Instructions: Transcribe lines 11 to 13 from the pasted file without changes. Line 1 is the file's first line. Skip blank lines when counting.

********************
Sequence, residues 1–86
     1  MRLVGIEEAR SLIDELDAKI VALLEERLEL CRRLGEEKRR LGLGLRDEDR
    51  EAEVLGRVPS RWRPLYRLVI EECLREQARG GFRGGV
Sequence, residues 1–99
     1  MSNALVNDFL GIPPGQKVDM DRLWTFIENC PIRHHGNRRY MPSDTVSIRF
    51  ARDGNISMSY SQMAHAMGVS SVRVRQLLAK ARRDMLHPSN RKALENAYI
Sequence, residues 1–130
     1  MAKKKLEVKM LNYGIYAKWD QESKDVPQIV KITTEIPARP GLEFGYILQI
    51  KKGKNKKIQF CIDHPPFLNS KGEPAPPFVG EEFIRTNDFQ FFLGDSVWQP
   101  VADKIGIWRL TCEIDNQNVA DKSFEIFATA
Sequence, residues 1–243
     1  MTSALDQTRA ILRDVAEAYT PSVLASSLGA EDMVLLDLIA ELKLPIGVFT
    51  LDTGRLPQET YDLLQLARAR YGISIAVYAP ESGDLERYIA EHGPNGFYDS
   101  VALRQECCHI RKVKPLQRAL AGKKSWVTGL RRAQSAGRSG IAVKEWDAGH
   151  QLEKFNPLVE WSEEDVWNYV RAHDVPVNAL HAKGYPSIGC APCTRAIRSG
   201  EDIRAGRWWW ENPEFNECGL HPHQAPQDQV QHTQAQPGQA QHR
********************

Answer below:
Sequence, residues 1–243
     1  MTSALDQTRA ILRDVAEAYT PSVLASSLGA EDMVLLDLIA ELKLPIGVFT
    51  LDTGRLPQET YDLLQLARAR YGISIAVYAP ESGDLERYIA EHGPNGFYDS